Monday, August 29, 2016


The first glimpse of Hawaii, framed thru the jet’s window was simply beautiful. Diamond Head, Waikiki Beach, Pearl Harbor, everything I'd thought and dreamed about was there and getting closer by the minute. 

We land. This was before the era of jetways so as we walked down the ramp we were greeted by our Hawaiian hosts with flower leis for us and as we left the airport our new Vista Supervisors had decided that the best introduction to Hawaii would be a picnic on the beach, and not just any beach. We got into these old grey government cars, Rambler Americans (fitting name), and drove for an hour or so up the coast to the legendary Makaha Beach. But we didn’t stop at the parking lot, no, we drove over the curb and parked the cars pretty much right at the water’s edge. Wow. We were the U.S. Government. We could do anything. What a day. Wow.

After that fantastic experience they took us to where we’d be living. I was to have a room in a regular house in a neighborhood called Upper Kalihi. The homeowner, Hollis Chung, rented out rooms in his home, and there were three other renters, non Vistas, already there. We were all to share the bathroom. This was bad. After my space and freedom in Alaska I felt like a caged animal. Actually after Alaska I was a caged animal. I didn’t know what I could do about it that night but I didn’t think I could survive in that house and room. Not a chance. I went to sleep. 

I’m an early riser so with the dawn I wandered out to see where I was. Upper Kalihi, as you’d expect from the name, was on the side of one of the many lush mountain ridges rising up from the ocean and from the front door of the house you could see the whole panorama of Honolulu and the wide ocean beyond. Spectacular. I was still upset with my living conditions but soon Vista picked me up and took me to where I’d be working, so I have to figure that out later.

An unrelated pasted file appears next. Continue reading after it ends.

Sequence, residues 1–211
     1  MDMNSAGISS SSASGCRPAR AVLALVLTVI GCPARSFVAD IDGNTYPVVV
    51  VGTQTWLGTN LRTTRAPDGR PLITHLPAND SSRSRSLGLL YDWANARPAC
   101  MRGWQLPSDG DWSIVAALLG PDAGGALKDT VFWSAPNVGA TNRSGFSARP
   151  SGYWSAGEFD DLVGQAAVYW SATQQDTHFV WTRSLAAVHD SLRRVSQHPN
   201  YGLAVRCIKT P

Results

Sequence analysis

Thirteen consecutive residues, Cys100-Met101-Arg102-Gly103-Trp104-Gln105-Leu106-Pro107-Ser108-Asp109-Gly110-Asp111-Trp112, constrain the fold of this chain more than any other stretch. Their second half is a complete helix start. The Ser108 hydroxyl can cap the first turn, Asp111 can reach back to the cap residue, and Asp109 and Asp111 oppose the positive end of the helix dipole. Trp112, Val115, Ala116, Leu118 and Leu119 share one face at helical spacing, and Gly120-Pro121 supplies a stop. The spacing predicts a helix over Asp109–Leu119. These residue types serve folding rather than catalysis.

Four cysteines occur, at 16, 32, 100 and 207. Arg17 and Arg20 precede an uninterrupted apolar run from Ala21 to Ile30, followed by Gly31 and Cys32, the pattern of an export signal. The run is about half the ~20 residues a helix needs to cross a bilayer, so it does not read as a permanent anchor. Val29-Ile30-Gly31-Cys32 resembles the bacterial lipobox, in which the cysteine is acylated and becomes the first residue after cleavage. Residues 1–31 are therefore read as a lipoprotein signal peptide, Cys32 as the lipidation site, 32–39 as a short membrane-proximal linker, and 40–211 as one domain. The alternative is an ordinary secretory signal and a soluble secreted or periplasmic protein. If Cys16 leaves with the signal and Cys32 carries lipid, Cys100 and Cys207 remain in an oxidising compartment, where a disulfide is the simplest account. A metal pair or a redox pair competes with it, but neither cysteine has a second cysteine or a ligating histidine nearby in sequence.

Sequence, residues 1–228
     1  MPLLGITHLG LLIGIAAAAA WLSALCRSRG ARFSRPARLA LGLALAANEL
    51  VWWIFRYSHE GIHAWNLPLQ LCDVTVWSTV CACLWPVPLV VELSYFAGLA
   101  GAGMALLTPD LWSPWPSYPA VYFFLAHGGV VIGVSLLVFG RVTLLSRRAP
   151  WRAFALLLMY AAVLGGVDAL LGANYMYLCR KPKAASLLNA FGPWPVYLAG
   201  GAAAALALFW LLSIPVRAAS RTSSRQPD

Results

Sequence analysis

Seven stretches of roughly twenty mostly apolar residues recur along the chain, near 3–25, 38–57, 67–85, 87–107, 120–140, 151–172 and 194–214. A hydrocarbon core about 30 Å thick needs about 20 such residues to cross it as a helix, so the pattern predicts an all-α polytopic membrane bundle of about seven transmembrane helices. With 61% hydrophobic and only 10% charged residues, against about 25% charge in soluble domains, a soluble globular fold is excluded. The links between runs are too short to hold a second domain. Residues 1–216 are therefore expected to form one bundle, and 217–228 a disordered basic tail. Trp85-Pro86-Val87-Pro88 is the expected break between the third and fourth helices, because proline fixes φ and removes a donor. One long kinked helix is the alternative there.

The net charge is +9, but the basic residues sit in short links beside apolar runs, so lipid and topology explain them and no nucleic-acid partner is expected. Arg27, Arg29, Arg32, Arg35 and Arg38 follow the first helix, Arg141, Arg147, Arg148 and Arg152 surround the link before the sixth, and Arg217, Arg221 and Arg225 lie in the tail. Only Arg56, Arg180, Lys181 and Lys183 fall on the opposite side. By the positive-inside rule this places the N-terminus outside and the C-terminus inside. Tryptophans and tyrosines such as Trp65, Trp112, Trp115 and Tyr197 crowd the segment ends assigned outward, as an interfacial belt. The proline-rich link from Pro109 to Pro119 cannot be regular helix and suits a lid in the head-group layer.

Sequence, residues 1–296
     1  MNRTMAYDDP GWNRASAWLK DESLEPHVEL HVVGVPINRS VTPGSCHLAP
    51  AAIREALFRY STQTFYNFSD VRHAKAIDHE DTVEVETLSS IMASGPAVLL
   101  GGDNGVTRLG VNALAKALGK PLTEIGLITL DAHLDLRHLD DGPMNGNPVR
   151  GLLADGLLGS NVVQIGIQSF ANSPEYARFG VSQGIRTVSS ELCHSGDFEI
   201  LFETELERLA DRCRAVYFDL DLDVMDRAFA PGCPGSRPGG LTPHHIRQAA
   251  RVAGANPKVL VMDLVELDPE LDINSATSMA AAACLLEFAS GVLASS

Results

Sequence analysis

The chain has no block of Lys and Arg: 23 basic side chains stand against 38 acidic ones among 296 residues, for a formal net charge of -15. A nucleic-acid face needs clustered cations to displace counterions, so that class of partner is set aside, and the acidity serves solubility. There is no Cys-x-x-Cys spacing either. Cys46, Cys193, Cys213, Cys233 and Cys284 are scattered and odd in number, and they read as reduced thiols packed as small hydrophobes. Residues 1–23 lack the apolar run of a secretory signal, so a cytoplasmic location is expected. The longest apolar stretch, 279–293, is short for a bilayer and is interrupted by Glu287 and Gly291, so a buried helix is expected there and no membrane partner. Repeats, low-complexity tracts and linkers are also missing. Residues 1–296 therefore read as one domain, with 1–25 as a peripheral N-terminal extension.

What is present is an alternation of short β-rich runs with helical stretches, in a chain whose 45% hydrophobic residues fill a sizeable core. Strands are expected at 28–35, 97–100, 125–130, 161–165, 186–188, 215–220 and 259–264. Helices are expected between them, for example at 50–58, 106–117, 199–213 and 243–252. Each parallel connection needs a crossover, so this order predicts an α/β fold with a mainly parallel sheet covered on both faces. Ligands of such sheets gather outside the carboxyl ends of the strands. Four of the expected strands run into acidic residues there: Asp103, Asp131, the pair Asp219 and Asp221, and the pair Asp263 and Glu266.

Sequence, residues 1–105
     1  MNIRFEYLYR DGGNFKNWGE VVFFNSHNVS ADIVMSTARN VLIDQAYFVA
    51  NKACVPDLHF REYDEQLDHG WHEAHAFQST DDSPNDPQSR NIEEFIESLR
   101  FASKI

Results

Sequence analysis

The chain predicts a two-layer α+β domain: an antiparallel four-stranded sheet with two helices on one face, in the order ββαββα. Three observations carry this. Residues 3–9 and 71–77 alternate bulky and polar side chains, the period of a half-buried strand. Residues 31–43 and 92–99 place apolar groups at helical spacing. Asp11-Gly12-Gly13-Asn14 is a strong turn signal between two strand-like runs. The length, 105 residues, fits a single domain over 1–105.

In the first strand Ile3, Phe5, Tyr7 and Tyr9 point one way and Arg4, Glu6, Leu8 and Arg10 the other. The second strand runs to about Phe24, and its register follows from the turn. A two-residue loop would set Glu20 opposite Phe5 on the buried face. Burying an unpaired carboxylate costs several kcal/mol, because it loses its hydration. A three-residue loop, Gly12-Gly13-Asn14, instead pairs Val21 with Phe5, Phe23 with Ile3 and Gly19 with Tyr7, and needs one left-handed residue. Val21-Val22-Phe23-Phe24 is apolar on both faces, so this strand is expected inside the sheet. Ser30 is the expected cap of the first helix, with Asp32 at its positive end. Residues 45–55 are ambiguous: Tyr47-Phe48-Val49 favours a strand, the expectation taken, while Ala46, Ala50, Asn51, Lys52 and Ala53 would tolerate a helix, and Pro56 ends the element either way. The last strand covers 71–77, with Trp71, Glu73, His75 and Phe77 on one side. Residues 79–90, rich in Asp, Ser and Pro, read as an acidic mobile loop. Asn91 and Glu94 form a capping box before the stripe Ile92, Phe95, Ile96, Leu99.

I was assigned to the Hawaii Curriculum Center. It was on the beautiful grounds of the University of Hawaii Manoa Campus. I was introduced to everybody, but the truth was that they had already heard about me because of the ruckus I had caused in Alaska, but they were squarely on my side because they had wanted an industrial designer on their team for the past year and they seemed as genuinely happy for me to be there as I was.

Not only that but this group was a research team, tasked with developing creative curriculum materials specifically for the children of Hawaii. The people that they had assembled were incredibly talented and believed totally in their mission. They were a passionate group. My specific job was to oversee a group of about 12 student artists who created the ‘camera-ready’ art to be produce for testing, to design the materials so they looked and worked better and to get them out for bid to the printers on the island. Truth be told I had no idea what ‘camera-ready’ even meant (Pratt didn’t teach us everything) but I kept my mouth shut and quickly learned what I had to to make things work. The truth was it was fascinating work and it was in Hawaii. 


Let me start by saying this. Although I got what I wanted in the end, what VISTA put me thru, for no reason except total government inefficiency, left me with no respect for the organization's managers. Today, in 2016, I can appreciate their fuck-up gave me an experience living with the Eskimos that I treasure, but at that time I was in no mood to listen to anything Hawaii Vista said, and conversely, the last thing they needed was for me to complain (in writing) about anything so we co-existed. Besides, my job at the curriculum center was going well and as long as the University was happy with my work, so were they. Except: